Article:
The Aperitif: A Very Civilised Drink
I once met a woman who was adamant that drinking champagne first thing in the morning was very good for your health, ‘Say, half a bottle wouldn’t be too much at all. Champagne is so low in alcohol, don’t you know’. As lovely as that sounds, being an alcoholic, with too much money and time to spare, I reckon drinking that much champagne might take the fun out of it. The rare occasion, when we do get to enjoy something like that, is what makes it so tempting and delicious. Then again, maybe this is the secret to a long and healthy life. Winston Churchill drank champagne in the morning, and continued to do so all day, by all accounts. He is said to have drunk most of the Pol Roger 1928 vintage himself! So having ‘drinks’ probably wasn’t a thing for him.
I suppose the ultimate aperitif would have to be a glass of champagne. That’s all very glamorous sounding, but champagne isn’t nearly as interesting as so many of the obscure drinks that are made all over Europe. All those bitter drinks with such beautiful labels; the pristine aniseed flavoured drinks; the herbal vermouths so popular in Spain; and all the other fortified wines that really to belong to another age.
What makes the aperitif so attractive is much to do with the anticipation of it. The anticipation of an evening, and good food. It is the time of day when work stops, when you have the time to spend simply doing nothing but enjoying the company of friends, and watching the world go by.
It is funny how these drinks are often connected with certain fictional characters. Hannibal Lecter was supposed to enjoy a Lillet blanc, with a slice of orange. Hercule Poirot often took a crème de banane. There are so many of these old and bizarre drinks, you wonder who actually drinks them on a regular basis. Campari is an interesting case. As one of the many bitter drinks that have come back into fashion over the last few years, it is now the height of sophistication, with its woody bitterness and garish red colour. You would think the mysterious luminosity would put people off.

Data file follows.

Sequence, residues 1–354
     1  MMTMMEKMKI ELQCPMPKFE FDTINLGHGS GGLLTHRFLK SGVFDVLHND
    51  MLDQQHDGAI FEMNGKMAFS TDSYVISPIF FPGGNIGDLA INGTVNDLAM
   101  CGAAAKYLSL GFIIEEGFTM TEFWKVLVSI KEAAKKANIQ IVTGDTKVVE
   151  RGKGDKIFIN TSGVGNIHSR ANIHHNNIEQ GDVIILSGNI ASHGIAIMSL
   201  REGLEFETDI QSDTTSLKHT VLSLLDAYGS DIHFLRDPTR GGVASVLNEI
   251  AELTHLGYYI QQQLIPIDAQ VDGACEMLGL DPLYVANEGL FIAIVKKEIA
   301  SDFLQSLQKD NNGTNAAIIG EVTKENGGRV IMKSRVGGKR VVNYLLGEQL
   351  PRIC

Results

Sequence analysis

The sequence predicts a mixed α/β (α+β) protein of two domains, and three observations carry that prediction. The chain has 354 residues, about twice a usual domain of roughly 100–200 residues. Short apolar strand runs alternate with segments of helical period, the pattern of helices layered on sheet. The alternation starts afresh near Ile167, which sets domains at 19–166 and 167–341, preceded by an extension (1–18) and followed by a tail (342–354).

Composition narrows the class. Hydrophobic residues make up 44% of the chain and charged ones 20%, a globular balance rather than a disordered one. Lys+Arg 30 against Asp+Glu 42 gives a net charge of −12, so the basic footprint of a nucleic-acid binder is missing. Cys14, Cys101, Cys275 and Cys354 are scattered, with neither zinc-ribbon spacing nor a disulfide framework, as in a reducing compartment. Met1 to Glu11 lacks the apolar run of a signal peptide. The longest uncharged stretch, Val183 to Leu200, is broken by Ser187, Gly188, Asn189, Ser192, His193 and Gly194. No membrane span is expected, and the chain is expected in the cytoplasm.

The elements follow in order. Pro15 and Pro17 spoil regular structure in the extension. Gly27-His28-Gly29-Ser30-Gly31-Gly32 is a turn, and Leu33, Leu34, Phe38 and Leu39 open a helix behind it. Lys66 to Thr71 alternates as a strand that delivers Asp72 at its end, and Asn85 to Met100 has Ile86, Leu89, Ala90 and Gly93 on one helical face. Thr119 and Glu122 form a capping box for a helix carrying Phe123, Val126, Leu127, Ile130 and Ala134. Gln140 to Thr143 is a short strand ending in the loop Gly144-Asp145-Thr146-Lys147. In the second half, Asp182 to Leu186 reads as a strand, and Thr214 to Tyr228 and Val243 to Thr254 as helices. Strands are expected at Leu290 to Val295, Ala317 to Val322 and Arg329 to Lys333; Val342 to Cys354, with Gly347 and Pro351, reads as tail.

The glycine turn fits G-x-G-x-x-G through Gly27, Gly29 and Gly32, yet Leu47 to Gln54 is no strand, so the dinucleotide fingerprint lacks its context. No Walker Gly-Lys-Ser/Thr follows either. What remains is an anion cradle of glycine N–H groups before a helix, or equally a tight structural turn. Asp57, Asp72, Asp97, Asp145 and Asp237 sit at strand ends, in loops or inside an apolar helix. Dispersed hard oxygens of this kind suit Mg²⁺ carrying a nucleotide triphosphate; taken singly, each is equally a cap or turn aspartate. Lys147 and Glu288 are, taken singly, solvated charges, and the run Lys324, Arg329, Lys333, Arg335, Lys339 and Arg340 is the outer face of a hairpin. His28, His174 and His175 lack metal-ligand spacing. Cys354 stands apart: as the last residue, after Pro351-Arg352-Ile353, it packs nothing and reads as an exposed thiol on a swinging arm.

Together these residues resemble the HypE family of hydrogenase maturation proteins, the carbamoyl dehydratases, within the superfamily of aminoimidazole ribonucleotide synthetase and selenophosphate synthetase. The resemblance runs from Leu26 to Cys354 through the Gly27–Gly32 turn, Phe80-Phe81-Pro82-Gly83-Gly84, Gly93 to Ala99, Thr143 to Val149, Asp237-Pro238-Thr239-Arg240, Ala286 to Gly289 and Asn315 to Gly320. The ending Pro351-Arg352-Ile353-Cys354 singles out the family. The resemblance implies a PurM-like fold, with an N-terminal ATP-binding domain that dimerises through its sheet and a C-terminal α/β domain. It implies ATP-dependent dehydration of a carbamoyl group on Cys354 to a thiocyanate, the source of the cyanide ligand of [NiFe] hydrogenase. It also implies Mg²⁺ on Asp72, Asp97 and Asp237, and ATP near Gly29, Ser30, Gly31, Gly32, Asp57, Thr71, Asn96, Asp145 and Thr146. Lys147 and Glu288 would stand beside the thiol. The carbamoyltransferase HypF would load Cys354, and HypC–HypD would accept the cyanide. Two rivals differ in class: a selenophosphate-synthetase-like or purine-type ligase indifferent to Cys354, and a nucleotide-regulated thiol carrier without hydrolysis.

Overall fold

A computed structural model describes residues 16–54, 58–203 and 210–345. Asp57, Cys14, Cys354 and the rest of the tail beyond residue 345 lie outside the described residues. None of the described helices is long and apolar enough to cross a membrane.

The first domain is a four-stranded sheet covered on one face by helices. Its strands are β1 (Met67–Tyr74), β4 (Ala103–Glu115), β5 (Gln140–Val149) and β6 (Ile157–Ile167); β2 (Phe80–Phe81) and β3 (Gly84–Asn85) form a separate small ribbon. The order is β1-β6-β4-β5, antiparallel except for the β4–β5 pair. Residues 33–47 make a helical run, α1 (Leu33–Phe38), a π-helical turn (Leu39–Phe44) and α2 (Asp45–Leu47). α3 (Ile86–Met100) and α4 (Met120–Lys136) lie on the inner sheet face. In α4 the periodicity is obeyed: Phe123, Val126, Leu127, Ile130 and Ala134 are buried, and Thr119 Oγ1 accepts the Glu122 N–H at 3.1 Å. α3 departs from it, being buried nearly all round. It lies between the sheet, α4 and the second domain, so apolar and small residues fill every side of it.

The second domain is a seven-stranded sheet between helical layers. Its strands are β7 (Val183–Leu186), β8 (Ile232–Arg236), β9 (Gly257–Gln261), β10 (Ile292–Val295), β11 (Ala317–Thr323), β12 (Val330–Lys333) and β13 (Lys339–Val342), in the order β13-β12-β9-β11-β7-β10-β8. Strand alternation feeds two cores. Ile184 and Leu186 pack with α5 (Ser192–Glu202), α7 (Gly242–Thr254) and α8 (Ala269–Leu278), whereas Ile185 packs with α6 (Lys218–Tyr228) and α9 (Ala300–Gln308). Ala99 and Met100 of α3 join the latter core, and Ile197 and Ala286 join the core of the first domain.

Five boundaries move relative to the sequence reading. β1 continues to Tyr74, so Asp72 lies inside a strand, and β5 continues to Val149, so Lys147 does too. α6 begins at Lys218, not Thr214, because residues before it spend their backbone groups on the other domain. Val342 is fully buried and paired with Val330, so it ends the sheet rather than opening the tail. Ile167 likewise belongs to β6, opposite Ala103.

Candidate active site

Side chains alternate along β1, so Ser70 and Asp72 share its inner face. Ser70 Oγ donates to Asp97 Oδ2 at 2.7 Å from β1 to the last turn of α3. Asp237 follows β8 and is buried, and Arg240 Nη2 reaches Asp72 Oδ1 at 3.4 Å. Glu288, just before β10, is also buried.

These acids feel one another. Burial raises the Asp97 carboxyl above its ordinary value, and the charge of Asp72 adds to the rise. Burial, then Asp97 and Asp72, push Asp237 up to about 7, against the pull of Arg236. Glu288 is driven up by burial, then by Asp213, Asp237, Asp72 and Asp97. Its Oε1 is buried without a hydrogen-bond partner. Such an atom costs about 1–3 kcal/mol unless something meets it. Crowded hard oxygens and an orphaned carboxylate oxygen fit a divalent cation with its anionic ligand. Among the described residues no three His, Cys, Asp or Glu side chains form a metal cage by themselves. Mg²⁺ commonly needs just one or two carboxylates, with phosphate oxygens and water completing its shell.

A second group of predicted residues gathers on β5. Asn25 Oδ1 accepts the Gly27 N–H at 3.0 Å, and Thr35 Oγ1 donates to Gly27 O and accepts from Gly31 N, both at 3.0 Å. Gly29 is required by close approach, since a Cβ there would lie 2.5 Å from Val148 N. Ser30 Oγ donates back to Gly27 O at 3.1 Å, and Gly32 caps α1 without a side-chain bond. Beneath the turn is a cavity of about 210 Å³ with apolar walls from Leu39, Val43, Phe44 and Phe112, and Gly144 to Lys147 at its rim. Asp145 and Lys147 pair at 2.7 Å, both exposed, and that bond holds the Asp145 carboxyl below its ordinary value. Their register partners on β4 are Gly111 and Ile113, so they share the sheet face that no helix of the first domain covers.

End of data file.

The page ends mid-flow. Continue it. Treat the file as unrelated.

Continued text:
Drinks are especially nice if you have something to go with them. Preferably something very simple. I remember being in a sqaure in Aix, where the waiters would bring out little pieces of sauccison and green olives. Just plain, good quality un-pitted olives in brine. Having them this way means you can really taste the olive, and you don’t get your hands all messy. One of the tastiest things to have with a drink are salted almonds. Click here for an interesting method for making salted almond.
One of my favourite drinks is white port with tonic water, and lots of ice. White port, even when very cold, can be flabby, so adding a bit of tonic water turns it into a very refreshing drink. You see a lot of people drinking it in Portugal, and if its good enough for the Portuguese, it’s good enough for me. White port isn’t that expensive either. You can buy a good bottle for around £10. I usually just pour it in, but the quantities are roughly half and half. Whatever you do, don’t call it a portonic.